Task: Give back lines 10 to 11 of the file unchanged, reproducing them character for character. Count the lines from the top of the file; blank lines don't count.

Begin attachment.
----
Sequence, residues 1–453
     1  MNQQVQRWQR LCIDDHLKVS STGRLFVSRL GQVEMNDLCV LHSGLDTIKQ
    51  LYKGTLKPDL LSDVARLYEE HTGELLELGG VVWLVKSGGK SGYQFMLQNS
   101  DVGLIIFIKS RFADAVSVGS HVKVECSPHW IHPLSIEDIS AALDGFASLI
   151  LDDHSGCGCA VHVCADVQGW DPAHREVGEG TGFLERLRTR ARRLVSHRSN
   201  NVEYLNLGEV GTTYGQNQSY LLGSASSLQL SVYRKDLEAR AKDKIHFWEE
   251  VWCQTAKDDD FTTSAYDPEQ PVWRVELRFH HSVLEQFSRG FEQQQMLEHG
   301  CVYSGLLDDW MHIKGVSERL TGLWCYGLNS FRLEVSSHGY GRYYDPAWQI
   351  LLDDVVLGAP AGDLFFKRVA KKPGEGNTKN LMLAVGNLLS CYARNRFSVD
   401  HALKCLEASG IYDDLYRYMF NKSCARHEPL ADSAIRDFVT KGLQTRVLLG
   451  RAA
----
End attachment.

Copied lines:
   401  HALKCLEASG IYDDLYRYMF NKSCARHEPL ADSAIRDFVT KGLQTRVLLG
   451  RAA